Can you get fired for NOT taking your breaks?

 In Employment Law

Ah…the age old question, how do you impress your boss?  To achieve this end, many people are inclined to work through their breaks and even lunch hours to show how effective and hard working they are.   However, it seems that going that extra mile may be a thing of the past.  Employers growing concerns surrounding overtime pay may be enough to get you fired for not taking your breaks in some workplaces.  Don’t believe it? Just ask Andrea Shettleworth.

Shettleworth was an employee with Banana Republic for nine years and by all accounts, she was an exceptionally talented sales associate.  She even won a trip to San Francisco for having sold more than $900,000 of merchandise in 2009.  However, in June 2010, she was disciplined by Banana Republic for taking sales away from others and working off the clock (i.e. working through her breaks).  Shettleworth was given a final written warning which stated “you will go on break when instructed to do so.  You will stay off the sales floor when not working on the clock or shopping for yourself”.

Shettleworth refused to sign the final written warning and contacted the Senior Vice President of Banana Republic.  She complained that she was being discriminated against on the basis of her race due to the excessive monitoring of her behavior.  Shettlworth filed an Application with the Human Rights Tribunal of Ontario in July 2010.  In September 2010, Banana Republic placed Shettleworth on a paid suspension in the course of an investigation into her conduct at work including working off the clock.   Store videotapes revealed that, on one occasion, Shettleworth worked off the clock for 10 minutes without permission while her manager was on break.  She was terminated on September 21, 2010 for having violated the terms of her final written warning.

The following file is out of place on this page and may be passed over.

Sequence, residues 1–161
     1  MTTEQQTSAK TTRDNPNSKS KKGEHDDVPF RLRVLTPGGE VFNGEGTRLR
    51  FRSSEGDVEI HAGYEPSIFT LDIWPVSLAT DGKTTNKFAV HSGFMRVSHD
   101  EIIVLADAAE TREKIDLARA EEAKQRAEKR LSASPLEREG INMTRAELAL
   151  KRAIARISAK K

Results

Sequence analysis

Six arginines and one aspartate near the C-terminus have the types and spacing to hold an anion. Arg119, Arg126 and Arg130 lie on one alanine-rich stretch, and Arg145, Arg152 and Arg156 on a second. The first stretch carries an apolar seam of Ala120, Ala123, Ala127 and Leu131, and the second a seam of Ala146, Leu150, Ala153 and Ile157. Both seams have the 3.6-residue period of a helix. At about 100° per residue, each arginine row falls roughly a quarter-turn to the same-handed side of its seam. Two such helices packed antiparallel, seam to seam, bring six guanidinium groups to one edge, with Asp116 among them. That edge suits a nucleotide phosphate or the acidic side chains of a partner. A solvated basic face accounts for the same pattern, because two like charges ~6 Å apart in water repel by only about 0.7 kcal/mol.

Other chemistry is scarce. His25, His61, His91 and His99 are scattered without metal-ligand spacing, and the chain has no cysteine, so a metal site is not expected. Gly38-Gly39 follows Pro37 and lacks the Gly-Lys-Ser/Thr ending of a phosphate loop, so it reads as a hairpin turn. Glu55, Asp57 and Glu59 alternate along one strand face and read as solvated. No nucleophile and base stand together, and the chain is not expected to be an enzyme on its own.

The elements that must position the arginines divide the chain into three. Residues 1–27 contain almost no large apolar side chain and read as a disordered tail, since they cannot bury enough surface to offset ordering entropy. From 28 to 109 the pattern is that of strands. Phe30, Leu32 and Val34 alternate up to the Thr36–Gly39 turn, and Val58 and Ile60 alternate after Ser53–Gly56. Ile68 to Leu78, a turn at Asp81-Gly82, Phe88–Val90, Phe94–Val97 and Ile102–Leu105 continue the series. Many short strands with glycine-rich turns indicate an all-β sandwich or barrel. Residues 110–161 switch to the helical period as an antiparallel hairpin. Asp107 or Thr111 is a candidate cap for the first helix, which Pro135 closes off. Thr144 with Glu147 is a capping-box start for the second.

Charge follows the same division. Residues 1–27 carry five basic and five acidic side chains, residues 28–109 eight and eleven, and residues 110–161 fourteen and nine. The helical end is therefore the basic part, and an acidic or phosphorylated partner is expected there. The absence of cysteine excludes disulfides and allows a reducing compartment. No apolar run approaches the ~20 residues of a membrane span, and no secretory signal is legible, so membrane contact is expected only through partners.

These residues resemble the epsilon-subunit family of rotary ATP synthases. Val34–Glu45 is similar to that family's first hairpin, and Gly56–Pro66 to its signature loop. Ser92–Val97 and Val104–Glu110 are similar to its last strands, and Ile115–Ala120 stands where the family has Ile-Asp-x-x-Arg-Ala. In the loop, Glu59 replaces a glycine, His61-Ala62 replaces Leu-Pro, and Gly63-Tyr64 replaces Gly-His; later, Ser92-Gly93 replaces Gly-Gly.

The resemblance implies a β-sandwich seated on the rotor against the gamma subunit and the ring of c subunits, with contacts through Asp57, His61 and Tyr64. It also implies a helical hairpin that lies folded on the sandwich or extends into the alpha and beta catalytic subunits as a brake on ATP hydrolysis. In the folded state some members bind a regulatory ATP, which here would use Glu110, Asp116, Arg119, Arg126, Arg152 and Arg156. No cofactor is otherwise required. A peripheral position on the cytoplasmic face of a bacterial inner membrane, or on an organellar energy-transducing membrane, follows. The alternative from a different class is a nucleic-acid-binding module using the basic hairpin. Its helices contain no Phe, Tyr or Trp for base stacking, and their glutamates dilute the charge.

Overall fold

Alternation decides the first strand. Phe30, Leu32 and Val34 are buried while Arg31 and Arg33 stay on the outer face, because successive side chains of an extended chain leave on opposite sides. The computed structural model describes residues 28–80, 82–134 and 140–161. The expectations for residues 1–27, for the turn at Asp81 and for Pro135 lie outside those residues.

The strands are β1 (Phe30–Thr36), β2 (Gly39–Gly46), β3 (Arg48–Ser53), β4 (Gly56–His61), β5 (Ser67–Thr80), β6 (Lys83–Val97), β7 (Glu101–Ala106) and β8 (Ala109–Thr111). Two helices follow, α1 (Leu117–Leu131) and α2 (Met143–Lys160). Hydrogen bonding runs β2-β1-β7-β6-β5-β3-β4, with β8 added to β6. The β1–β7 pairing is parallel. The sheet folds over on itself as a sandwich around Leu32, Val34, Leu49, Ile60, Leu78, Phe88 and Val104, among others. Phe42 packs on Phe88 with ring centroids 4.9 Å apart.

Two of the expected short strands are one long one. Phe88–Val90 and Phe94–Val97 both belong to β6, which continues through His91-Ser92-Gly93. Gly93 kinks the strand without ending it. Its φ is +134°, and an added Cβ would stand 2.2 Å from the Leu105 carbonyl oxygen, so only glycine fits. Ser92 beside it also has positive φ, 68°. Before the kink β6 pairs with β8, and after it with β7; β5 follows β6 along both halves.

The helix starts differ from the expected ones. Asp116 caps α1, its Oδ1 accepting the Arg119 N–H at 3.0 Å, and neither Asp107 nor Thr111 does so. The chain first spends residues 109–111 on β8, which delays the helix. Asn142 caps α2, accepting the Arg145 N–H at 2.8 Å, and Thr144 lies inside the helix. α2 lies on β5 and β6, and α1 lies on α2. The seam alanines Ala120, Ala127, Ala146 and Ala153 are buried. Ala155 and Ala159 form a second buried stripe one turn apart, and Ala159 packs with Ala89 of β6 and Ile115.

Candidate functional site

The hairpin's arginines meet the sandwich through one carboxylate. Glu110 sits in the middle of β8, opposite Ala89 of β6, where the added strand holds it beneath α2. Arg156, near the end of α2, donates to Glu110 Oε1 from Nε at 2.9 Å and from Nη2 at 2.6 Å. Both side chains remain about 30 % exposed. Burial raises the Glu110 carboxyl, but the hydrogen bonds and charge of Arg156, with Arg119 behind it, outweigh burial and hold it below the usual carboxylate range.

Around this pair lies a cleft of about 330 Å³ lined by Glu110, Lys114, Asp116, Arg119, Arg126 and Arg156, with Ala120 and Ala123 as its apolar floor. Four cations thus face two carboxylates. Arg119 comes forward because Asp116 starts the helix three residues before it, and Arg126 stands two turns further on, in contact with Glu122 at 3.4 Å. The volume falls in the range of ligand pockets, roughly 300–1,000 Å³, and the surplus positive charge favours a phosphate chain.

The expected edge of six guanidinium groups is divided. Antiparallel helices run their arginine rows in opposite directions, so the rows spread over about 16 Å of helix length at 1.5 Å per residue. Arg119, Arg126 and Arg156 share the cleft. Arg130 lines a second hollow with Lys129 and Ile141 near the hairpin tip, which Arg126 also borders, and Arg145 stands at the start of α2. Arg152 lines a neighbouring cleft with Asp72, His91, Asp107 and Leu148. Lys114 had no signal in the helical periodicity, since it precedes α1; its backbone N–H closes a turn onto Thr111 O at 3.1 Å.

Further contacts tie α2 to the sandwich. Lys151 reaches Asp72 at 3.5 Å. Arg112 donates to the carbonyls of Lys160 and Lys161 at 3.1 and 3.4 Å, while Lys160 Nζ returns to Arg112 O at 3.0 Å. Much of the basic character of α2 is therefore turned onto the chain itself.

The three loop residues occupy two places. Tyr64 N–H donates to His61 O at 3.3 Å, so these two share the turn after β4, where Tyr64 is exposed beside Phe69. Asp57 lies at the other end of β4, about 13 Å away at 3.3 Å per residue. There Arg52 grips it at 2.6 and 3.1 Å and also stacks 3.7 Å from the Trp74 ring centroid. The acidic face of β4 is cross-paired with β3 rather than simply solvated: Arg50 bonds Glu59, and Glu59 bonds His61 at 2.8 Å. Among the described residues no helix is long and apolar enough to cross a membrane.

Ultimately, the Tribunal sided with the employer and held that Shettleworth was terminated for failure to comply with the terms of her final warning.  The Tribunal also felt that Banana Republic had valid reasons to strictly enforce the ‘no working off the clock’ rule as employees not following the policy could make the company responsible for overtime pay or put them in breach of the Employment Standards Act.  Notably, the employer’s concerns were justified given that the Ministry of Labour’s decisions regularly find employers liable for overtime even after employees have been directed not to work those hours.  From our perspective, given the history, performance and strong record, this employer took an unnecessarily heavy handed approach and Shettleworth’s termination was unduly harsh.  Given her solid sales record, there were better ways for Banana Republic to have addressed their concern – perhaps pay her overtime!

The take-away here is that in a world where employers are becoming increasingly concerned with the cost of doing business, not all employers will admire their employees for going that extra mile.  As evidenced by Andrea Shettleworth’s case, working off the clock may even provide a ground to terminate the employee in certain workplaces.

The full decision can be found here.

Colleen Hoey is an Ottawa-based lawyer practicing in the areas of Employment Law, Human Rights Law, and Civil Litigation at Mann & Partners, LLP. The articles on this blog are not intended to provide legal advice. Should you require legal advice, please contact Mann & Partners, LLP at 613-722-1500 or fill out our form to be contacted within 24 hours.

Thanks to Mehran Wancho (summer student at Mann & Partners, LLP) for contributing this article.

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